(e) With respect to inventive step it was submitted that the examples of the patent in suit did not demonstrate any improvement arising from end-capping since the relative change in properties, measured as the increase in viscosity on exposure to elevated temperature was greater for the polymers with end-capping then for those without. It was further submitted that the effect of a polymer's end groups on thermal stability was well known, and hence it was known to manipulate end groups to produce polymers having improved thermal stability. Reference in this respect was made to D5, relating to polysulphone polymers, D6, relating to PEK end-capped with diphenylether, D7 relating to PEK with e.g. benzene, biphenyl and diphenyl ether end-capping agents, D8, relating to polyesters wherein the free carboxyl end groups were capped and D9, relating to polyimides (not "polyamides" as stated in the statement of grounds of appeal). D10, related to the preparation of PEEK, envisaged the use of PPBA as the monomer and disclosed end-capping, inter alia with diphenyl ether or biphenyl. This latter agent was less reactive than those end-capping agents specified in operative claim 1. The problem which the patent in suit addressed was to provide PEEK polymers with improved melt stability. The solution, to end-cap PEEK using specified end groups, was provided by D10, which even instructed the skilled person to improve the thermal stability by the use of end-cappers such as diphenyl ether and biphenyl. In view of the disclosure of D10 the other end-capping agents specified in claim 1 were obvious, and in any case their use in the polymer did not confer the advantages alluded to in the patent in suit. Hence the subject matter of operative claim 1 was obvious with respect to the teaching of D10. With regard to D7 it was submitted that the only significant difference was that the patent in suit related to the preparation of end-capped PEEK whereas D7 related to PEK. The skilled person seeking to improve PEEK would as a matter of course modify the teaching of D7 by using PPBA instead of p-phenoxy benzoic acid so to prepare PEEK rather than PEK. Further the end-cappers of D7 would be selected. With respect to D2 it was submitted that although this did not disclose the temperature range of the operative claim, it was trivial to carry out a reaction at this temperature instead of at room temperature. Further although the end-cappers of claim 1 were not disclosed in D2, similar end-cappers were disclosed. There was nothing inventive in the selection of the end-cappers of operative claim 1, especially in view of their apparent poor performance. D11 taught, in the context of PEK, that melt stability could be improved by the use of capping agents and further specifically envisaged capping agents of the type specified in operative claim 1. Hence the skilled person faced with the problem of preparing PEEK with improved thermal stability was instructed by D11 to end-cap the polymer, and in particular which endcapping agents to use (biphenyl or diphenyl ether). Hence the features of operative claim 1 would be arrived at in an obvious manner by a combination of the disclosure of D11 and general knowledge with respect to polyether ketone. D1 related to the preparation of melt processable PEEK using PPBA, but did not specifically disclose the inclusion of end-cappers. However the solution to improving the melt stability of polymers prepared as described was provided by any of D2 or D5 to D11. Further the skilled person understood in general the importance of end-capping groups, and hence would be motivated to end-cap the PEEK polymer prepared. The specified end-capping agents were obvious, being specifically disclosed in D5-D7 and D11, and in any case did not result in any surprising technical effect. D3 related to the production of PEEK using PPBA. Analogously to the arguments with respect to D1, it would be obvious to modify the teaching of D3 and so arrive at the subject matter of the operative claim. It was obvious that a polymer having reactive end-groups would be unstable. To improve stability it would be necessary to remove or mask these groups. PEEK as prepared from PPBA had carboxyl end-groups, which could undergo further reaction during processing. Hence it was intuitively obvious to remove or mask these groups. Further, end-capping had been extensively used before the priority date to solve precisely this problem and was part of the common general knowledge of the skilled person. In any case end-capping was obvious over D1 in combination with any of the other cited documents. It was submitted that according to the minutes of the oral proceedings (section 5.3) the opposition division appeared to have acknowledged that there were some suggestions, e.g. in D10 to use capping agents to improve the melt stability and control the molecular weight, but considered that the choice of end-cappers and reaction conditions was not trivial. The question of reaction conditions was however irrelevant since D1 provided all the necessary information, and there had been no suggestion that any other features of the reaction made any contribution to the invention. It was submitted that comparison of example 3 and comparative example 4 of the patent in suit was not valid since comparative example 4 did not include a step for removal of the solvents (DMAc), the presence of which would account for the poor stability measured. It was further submitted that the claims were not limited to the details of the examples but covered a much wider range of polymers. In particular claim 1 was not limited to a situation wherein substantially all PEEK chains were end-capped, since claim 1 required only a "reduced concentration" of any reactive end-groups, and hence covered e.g. a 1% reduction which would show negligible advantage. Hence there was no inventive step across the whole scope of claim 1. It was submitted that the finding of the decision under appeal that there was no teaching in the prior art to perform end-capping of the polymers of D1 to solve the technical problem was unsupportable since many prior art documents provided such a teaching, reference being made to D5-D9. With reference to the findings of the decision that the teaching of D7 was not applicable since PEK and PEEK were very different (see section III.(e), above), it was submitted that this finding was not supported by the prior art which often discussed PEK and PEEK together. Since the melt stability of PEEK, PEK and all other polymers discussed in the cited prior art was due to reactive end groups, the solution to the problem of poor melt stability for un-end-capped polymer was to end-cap the material, thus removing the end groups and preventing them from reacting. This concept had been acknowledged numerous times in the prior art for a wide range of polymers and its application to PEEK was non-inventive.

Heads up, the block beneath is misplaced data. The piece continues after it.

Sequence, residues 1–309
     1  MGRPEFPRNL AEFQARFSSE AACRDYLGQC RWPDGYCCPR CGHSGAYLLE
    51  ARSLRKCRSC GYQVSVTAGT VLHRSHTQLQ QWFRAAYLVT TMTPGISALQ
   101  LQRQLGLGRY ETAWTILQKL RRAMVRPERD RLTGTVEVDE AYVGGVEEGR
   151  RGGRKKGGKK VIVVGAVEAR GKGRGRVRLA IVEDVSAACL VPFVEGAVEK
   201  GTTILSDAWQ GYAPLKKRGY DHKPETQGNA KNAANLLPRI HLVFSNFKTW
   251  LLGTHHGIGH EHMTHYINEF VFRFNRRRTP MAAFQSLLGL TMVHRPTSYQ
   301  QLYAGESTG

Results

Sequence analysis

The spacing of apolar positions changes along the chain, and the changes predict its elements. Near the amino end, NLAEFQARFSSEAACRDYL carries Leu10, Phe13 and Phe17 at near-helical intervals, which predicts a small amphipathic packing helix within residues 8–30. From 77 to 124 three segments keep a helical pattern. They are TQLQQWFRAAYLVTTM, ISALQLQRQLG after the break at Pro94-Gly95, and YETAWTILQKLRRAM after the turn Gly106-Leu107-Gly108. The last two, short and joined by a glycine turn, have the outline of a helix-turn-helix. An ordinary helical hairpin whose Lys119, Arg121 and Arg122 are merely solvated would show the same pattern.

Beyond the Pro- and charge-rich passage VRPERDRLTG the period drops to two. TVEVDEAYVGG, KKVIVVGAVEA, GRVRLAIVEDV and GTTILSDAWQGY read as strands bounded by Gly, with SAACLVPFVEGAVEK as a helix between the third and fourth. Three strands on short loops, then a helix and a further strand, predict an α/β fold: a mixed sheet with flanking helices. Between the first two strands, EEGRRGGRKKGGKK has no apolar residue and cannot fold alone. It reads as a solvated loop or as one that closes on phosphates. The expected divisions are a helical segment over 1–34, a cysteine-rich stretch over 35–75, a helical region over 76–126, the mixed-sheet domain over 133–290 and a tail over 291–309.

VI. The patent proprietor, now the respondent, replied with a letter dated 15 April 2008.